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Unformatted text preview: Exploring the Energy-Latency Trade-off for Broadcasts in Energy-Saving Sensor Networks * Matthew J. Miller Cigdem Sengul Indranil Gupta Department of Computer Science University of Illinois at Urbana-Champaign firstname.lastname@example.org email@example.com firstname.lastname@example.org Abstract Networking protocols for multi-hop wireless sensor networks (WSNs) are required to simultaneously min- imize resource usage as well as optimize performance metrics such as latency and reliability. This paper ex- plores the energy-latency-reliability trade-off for broad- cast in multi-hop WSNs, by presenting a new proto- col called PBBF (Probability-Based Broadcast Forward- ing). PBBF works at the MAC layer and can be inte- grated into any sleep scheduling protocol. For a given application-defined level of reliability for broadcasts, the energy required and latency obtained are found to be in- versely related to each other. Our analysis and simu- lation study quantify this relationship at the reliabil- ity boundary, as well as performance numbers to be expected from a deployment. PBBF essentially offers a WSN application designer considerable flexibility in choice of desired operation points. 1 Introduction Sensor nodes are inherently resource constrained. For example, an off-the-shelf Mote  has a lifetime of a few weeks (using a pair of standard AA batteries), short communication range distances, a 4 MHz proces- sor, a few KBs of SRAM, and a few MBs of Flash RAM. Offering better reliability and performance to a sensor network application (e.g., tracking, environmental ob- servation) leads to greater usage and depletion of these resources. To support a wide variety of future appli- cations, sensor networking technologies (hardware and software) will be required to provide enough flexibil- * This research was supported in part by NSF grant ITR- 0427089 and a NDSEG fellowship. Also affiliated with the Coordinated Science Laboratory. ity for a designer to choose the appropriate operation point on the resource-performance spectrum. In this paper, we focus on the broadcast prob- lem. Broadcast is useful to applications for dissemi- nating sensor data, instructions, and code updates. We study a probabilistic approach to exploring a resource- performance trade-off for broadcast communication. Assuming an energy-conserving sensor network, our goal is to design a broadcast protocol that allows a range of operating points from which an application designer can choose. To this end, we propose PBBF (Probability-Based Broadcast Forwarding), which is a MAC-layer approach and can be integrated into any sleep scheduling protocol. While some previous stud- ies of probabilistic broadcast in wireless networks work outside the MAC protocol , PBBF protocol works with the MAC protocol. We do not propose a new MAC protocol in this paper, but rather discuss a generic broadcasting protocol that can be built into any MAC layer with an appropriate sleep scheduling strategy....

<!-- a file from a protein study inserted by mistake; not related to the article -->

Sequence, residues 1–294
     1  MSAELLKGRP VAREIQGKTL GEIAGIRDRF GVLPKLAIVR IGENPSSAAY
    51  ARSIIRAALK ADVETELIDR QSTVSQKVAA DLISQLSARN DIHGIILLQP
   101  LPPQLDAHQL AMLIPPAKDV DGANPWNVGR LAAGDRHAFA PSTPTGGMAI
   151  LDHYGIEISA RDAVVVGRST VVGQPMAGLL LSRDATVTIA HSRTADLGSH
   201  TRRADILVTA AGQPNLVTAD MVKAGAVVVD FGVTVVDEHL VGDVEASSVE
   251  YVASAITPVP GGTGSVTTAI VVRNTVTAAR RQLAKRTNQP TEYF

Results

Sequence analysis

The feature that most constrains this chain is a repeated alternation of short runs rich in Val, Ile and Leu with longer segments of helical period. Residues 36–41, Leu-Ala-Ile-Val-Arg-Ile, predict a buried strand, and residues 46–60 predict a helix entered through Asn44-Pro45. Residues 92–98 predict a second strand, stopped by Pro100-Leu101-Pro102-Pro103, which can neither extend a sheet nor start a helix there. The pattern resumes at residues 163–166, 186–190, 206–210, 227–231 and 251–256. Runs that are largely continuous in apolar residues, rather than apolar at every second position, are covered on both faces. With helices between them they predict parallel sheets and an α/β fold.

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- Spring '08
- Computer Science